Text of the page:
‘ThroughThe Elm To The Big Apple’ is an illustrated book of iPad paintings set to be released tomorrow, by Raheem Nelson. Nelson is an accomplished artist who started out creating and publishing his own comic books at a young age, moved into cartooning and now works exclusively on the iPad. This book is a retrospective of his life as a traveling art student.
I’ve been a huge fan of the amazing art being created on iPads and iPhones for many years now, and this book is an excellent example of great iPad artwork. It includes 64 digital paintings that offer a look at the two cities Nelson traveled between during his art studies – New Haven and New York.
The image shown at the top of this post is of Lyric Hall, an antique theater in New Haven that dates back to 1912.
Here’s a little more detail on the content of the book and the cityscapes it features:
The featured illustrations give an intimate look at the two cities. There are iconic locations like Pepe’s Pizza, The Chrysler Building, Grand Central and Battell Chapel. This book is full of iPad paintings that take you on a visual journey. Raheem used to commute between New Haven and New York to attend classes at The School of Visual Arts.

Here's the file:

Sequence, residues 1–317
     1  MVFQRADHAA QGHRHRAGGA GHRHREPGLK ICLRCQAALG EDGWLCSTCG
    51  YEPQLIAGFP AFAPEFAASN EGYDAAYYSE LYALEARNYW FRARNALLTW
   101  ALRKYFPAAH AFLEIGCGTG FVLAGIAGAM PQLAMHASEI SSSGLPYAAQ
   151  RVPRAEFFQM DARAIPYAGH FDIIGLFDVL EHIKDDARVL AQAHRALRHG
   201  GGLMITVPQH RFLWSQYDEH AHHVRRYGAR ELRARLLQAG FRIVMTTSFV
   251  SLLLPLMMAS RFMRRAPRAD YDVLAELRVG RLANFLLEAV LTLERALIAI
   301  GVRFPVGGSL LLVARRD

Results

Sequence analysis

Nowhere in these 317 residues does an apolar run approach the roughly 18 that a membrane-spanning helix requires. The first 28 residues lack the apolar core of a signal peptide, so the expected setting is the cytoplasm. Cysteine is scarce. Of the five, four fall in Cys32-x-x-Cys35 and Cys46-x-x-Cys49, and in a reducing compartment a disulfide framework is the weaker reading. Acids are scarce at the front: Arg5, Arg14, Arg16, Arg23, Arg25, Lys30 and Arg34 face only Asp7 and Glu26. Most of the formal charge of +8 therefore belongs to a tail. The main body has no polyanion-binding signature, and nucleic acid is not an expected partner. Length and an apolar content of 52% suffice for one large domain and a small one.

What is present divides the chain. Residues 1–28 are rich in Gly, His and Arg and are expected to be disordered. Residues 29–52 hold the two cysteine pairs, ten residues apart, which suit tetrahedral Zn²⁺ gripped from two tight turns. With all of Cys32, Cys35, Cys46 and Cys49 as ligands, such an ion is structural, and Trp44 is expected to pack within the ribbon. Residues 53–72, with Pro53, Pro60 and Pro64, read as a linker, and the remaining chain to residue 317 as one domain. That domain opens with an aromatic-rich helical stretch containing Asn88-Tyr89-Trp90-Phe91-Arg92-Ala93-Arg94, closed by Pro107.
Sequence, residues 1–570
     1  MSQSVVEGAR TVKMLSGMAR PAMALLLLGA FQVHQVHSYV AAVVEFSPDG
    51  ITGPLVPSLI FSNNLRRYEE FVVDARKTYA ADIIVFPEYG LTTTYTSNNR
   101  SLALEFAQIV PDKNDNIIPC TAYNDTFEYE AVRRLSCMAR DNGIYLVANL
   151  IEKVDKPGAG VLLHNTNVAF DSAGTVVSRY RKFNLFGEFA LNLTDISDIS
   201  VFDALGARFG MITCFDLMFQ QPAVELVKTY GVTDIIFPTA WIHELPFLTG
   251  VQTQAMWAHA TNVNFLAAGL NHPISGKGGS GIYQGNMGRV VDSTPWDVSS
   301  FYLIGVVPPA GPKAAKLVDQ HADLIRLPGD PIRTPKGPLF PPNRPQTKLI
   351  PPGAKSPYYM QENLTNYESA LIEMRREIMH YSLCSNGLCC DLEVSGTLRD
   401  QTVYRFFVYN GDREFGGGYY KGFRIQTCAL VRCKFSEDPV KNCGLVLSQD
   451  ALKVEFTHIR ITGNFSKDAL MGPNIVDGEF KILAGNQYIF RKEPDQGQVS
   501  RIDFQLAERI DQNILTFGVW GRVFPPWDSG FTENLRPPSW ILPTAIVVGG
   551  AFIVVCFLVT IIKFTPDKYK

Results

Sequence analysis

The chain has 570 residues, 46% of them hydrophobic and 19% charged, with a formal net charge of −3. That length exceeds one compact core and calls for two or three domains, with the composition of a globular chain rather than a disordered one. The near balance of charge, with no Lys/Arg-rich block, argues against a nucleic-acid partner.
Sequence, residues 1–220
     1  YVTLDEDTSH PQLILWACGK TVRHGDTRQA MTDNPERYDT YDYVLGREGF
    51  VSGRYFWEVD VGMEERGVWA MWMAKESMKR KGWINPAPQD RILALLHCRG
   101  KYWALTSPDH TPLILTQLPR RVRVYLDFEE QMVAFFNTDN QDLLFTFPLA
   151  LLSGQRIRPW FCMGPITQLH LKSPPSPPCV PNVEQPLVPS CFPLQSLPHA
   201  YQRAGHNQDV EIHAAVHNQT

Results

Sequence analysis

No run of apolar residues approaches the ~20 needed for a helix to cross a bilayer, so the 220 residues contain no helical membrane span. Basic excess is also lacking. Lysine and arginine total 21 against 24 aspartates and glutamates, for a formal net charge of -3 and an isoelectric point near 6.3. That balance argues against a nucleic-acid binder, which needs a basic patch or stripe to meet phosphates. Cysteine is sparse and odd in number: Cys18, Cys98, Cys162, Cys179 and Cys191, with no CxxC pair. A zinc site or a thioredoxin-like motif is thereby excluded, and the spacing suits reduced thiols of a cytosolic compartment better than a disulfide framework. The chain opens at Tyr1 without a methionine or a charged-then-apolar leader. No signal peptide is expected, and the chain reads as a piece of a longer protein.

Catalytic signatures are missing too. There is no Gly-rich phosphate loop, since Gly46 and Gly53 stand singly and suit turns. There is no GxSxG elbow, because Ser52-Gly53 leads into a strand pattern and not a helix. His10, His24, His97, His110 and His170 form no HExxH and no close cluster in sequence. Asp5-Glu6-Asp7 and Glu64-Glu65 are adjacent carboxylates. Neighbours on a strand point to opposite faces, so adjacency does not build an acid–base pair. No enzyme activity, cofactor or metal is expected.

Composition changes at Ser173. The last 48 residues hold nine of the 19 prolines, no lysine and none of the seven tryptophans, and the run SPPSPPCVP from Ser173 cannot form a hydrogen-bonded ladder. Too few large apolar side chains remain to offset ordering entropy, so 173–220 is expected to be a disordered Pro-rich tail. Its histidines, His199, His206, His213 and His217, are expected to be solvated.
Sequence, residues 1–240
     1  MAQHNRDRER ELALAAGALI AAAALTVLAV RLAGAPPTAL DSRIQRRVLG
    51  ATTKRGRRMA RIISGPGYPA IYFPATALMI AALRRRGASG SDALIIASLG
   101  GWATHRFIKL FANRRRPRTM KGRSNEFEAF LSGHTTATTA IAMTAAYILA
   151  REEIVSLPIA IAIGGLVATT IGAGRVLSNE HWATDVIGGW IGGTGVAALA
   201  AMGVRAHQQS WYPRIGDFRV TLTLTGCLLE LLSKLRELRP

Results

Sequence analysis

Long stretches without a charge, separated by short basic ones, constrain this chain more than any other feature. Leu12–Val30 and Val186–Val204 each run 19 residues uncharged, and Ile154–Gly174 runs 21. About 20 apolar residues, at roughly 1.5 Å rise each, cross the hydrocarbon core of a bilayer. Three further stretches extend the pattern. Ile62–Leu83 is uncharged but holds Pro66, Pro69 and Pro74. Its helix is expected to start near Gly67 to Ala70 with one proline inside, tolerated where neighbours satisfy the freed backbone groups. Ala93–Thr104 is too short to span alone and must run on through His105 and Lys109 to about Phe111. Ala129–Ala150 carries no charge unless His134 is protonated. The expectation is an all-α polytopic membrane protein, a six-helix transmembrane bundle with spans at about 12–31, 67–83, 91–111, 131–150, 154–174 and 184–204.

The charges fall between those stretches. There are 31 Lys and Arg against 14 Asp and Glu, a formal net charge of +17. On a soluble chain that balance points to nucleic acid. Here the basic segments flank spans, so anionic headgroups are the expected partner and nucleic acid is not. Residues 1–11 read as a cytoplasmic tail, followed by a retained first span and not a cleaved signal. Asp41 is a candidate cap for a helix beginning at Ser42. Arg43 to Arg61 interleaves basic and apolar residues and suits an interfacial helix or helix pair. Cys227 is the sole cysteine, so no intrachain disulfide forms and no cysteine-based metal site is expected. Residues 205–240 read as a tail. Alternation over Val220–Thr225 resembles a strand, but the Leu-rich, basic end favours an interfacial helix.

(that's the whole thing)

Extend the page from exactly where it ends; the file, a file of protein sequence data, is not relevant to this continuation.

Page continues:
And here’s a little background on how the images in the book were created:
Each location was carefully picked and composed as a reference shot using an iPhone 4. From there they were transformed freehand into iPad paintings using Sketchbook Pro, ArtRage, Brushes, and Procreate. The difference in styles give the book energy and variety.
I had a very hard time narrowing down my selection of images for this post, as I enjoy so many of them, but here are a few more that I found striking, starting with this one of a famous spot at Grand Central Station titled ‘A Fleeting Moment’:
Here are the Empire State Building, a landmark lighthouse in New Haven, and the School of Visual Arts that Nelson graduated from:
The book also features an essay from Jorge Columbo, an acclaimed digital artist whose New York cityscapes have featured on the cover of The New Yorker magazine, which includes a lovely quote on his thoughts about Nelson’s work:
“My first impression is, beautiful sparse colors. I appreciate the simplicity of your palette, and the fact that you can be expressive with no transparencies at all.”
You can buy Through The Elm To The Big Apple tomorrow at lulu.com, and it should also be coming to iBooks soon – it has already been submitted to Apple for approval. If you’re a fan of iPad and digital art, you may well want to give this title a look – and if you’ve not yet discovered iPad art this might serve as a great introduction to it.
Update: Here’s the link for the book at lulu.com.